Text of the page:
The AFP was yesterday granted access to all of James Ashby's phone records from his Federal Court case against Peter Slipper. Ashbygate investigator Ross Jones explains what this means.
On Thursday, 11 May 2016 Justice Geoffrey Flick announced it would take him up to three weeks to decide whether to release the two discs containing James Ashby’s phone records.
It took him one.
On the facts of the present case it has been concluded that the Commonwealth should be permitted to release the two discs to the Australian Federal Police for the purposes identified in the proposed orders, because:
- Both Mr Ashby and Mr Slipper consent to the orders sought;
- There is a legitimate public interest in permitting the Australian Federal Police access to materials that may assist its investigation into the alleged unlawful disclosure of the official diary of a former Speaker of the House of Representatives;
- From the limited available information relating to the contents of the two discs, there is a legitimate basis to conclude that the text messages Mr Ashby sent (and those he received) could lead to the disclosure of further information relevant to the police investigation;
- The original mobile phone from which Mr McKemmish downloaded the information is no longer available, meaning that the police cannot simply seek access to the phone and undertake their own forensic analysis; and
- The execution of a further search warrant in November 2015 failed to disclose the information in question.
So it seems the Feds allege they came up short, if not empty handed, from their much-publicised November raids on the homes of Ashby, Brough and Doane.
Maybe the discs might provide the necessaries. What will the cops find?
Ashby handed his phone over for forensic analysis on Thursday, 12 April 2012. Harmers entrusted the phone to Rodney McKemmish (pictured right) of PPB Advisory to conduct the analysis.
According to PPB:
'The key to our success is that no matter how complex an issue appears to be, our team can analyse, recover or reconstruct the information needed to mount a successful case or deliver a positive outcome for our client.'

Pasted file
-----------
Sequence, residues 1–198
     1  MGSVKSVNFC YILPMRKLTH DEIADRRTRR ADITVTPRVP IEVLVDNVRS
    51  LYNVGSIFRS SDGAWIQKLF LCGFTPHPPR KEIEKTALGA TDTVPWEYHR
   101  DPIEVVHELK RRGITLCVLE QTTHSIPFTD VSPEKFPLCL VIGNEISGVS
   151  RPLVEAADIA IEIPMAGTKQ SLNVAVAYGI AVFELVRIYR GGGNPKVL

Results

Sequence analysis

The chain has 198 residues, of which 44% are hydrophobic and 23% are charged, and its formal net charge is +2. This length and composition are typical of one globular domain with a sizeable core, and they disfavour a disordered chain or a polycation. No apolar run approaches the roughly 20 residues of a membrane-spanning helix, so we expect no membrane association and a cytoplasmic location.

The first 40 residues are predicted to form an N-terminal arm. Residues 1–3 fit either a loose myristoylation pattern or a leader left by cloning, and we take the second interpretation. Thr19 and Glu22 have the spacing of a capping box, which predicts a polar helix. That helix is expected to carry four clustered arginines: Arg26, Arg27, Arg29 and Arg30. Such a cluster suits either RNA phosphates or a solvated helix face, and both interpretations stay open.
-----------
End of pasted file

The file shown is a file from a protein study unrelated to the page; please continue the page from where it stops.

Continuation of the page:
In his report, McKemmish states PPB was engaged by Harmers to:
(a) obtain a forensic image (copy) of the phone; and
(b) forensically extract from the forensic image all SMS messages
[The full forensic report can be found towards the end of this document HERE and continues in the early part of this document HERE.]
In other words, no attempt was made to determine telephone calls to or from Ashby’s phone. It is probable the cops can dig up the outgoings, but who might have called him and when will forever remain a mystery.
McKemmish stated Ashby’s phone had not been "jailbroken" and thus was unlikely to have been tampered with.
At the time of the analysis, Ashby’s phone contained 15,400 SMS messages, 210 MMS messages and 2879 chat messages.
I haven’t counted the number of SMS messages contained in the publicly available Federal Court records, and I am not about to start, but there are a few gaps and I doubt we have seen all 15,400.
The MMS (multimedia messages) could be more fun. We haven’t seen any attachment descriptions and, as we know, pictures can tell 1,000 words. Sending photographs of documents is easy with MMS.
At the very least, Flick’s decision means the AFP are now entitled to use the evidence that has long been on the public record in any prosecutions it may care to launch.
But red herrings swim high above Lake Burley Griffen and it is anyone’s guess what the AFP are up to.
Back in 2014, the Ashbygate Trust engaged a barrister experienced in these matters to look into possibilities for prosecution, paying special interest to the diaries. The prognosis for success was slight. Proving an offense will be a very difficult thing to do despite Brough’s epic TV admission. He can just say he was lying. Everyone will believe him.
And besides, Brough’s real culpability lies in the fact he was party to an abuse of the Federal Court for political ends.
"AFP given access to James Ashby’s phone records"https://t.co/CHT7cgn1D0— Simon Banks (@SimonBanksHB) May 19, 2016
So, there are two possible extremes:
- at one, the AFP is publicly pursuing a matter it knows is likely to fail at an early legal hurdle and the issue will die amongst the clatter of the day;
- at the other, the AFP are using the diary thing to flush out the information necessary to pursue more substantive matters.
Flick’s prompt decision leaves seven weeks of Ashbygate before the election, a prospect that must be vaguely disturbing for the Libs.
Wonder what the AFP is telling Brandis?
Ross Jones is the author of 'Ashbygate: The Plot to Destroy Australia's Speaker'. Special limited May 2016 offer: take out an annual IA membership and receive a hardcopy Ashbygate book FREE!
You can follow Ross Jones on Twitter @RPZJones.
This work is licensed under a Creative Commons Attribution-NonCommercial-NoDerivs 3.0 Australia License
Never like police raids over leaks but what the hell is the AFP doing raiding Sen Conroy's office during campaign? pic.twitter.com/LV94YlA8hQ— Stephen Mayne (@MayneReport) May 19, 2016
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